A basic concept is that the structure of the universe is holographic and fractal. This is not an easy idea to explain except by analogy - and it will take some digression. The term "holographic" refers to the photographic laser hologram - which is a baffling phenomenon that nonetheless illustrates a profound truth about the structure of reality. To create a hologram, a laser beam, a focused and coherent light of a single wavelength, is split using a partially transparent mirror. The reflected beam is directed to illuminate an object and the laser light that bounces off the object is recombined with the original non-reflected beam. This recombination creates a complex interference pattern that is then captured on a photographic plate. When the photographic plate is developed, the original object is not visible, and the image is observed to be a complex matrix of finely detailed whorls and patterns that were created when laser light bouncing off the object at many different angles (and with varying reflectances) created a complex interference pattern.
Back to Top
An interference pattern is like the waves on a pond from many different sized raindrops hitting the surface. As the circular water waves propagate outward from each impact point, the waves collide with each other, sometimes in a constructive (additive) way, creating larger waves, and sometimes in a destructive (subtractive) way, creating smaller waves or even flat surfaces. The sum total of all the waves and their interference patterns is analogous to the hologram plate.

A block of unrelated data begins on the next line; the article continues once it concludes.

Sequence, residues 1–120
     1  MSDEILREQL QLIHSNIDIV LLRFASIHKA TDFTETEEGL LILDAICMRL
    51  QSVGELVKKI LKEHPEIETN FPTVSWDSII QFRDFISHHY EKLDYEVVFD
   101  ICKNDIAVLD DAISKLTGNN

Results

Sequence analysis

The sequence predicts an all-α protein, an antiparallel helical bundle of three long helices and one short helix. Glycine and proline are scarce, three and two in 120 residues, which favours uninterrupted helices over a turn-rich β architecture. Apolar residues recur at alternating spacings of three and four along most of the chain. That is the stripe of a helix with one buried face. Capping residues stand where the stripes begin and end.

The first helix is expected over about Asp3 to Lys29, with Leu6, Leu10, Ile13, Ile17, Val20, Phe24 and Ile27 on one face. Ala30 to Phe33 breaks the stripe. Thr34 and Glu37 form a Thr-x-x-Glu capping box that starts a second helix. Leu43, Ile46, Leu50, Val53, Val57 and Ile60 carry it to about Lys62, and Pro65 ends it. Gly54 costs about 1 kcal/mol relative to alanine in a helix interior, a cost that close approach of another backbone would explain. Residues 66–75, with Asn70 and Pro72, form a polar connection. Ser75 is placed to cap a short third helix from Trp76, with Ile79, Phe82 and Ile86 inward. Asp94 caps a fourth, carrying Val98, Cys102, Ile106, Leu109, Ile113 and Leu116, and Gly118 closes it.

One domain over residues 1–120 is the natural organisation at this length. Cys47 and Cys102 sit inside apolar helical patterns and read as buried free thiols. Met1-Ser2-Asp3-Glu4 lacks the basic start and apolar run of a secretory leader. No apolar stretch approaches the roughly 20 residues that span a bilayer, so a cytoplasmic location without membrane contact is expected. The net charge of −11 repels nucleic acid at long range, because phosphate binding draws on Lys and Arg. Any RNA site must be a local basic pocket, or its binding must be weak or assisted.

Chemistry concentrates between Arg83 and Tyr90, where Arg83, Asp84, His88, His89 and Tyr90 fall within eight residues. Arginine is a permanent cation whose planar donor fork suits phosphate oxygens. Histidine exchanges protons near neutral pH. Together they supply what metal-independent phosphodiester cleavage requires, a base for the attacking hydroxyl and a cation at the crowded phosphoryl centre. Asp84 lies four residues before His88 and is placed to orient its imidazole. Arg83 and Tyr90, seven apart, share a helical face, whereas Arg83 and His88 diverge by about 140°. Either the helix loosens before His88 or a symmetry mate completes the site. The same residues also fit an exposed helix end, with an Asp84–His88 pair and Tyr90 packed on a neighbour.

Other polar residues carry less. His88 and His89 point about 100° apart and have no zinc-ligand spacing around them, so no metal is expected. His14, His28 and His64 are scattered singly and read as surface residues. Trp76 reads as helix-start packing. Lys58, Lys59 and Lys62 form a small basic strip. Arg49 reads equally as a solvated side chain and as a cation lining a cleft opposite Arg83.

Back to Top
The strangeness of the hologram begins when the laser is shined back through the interference pattern on the photographic plate. The original object then appears some distance beyond the plate, not as a flat 2-dimensional object like a photograph, but a complete 3-dimensional representation. Why this occurs is something of a mystery (at least with my primitive understanding of optics), but it does. You can walk around the projected hologram and the details of the object are visible much like the original object would have been seen. So, the interference pattern on the photographic plate contains all the visual information associated with the object originally under laser illumination.
Back to Top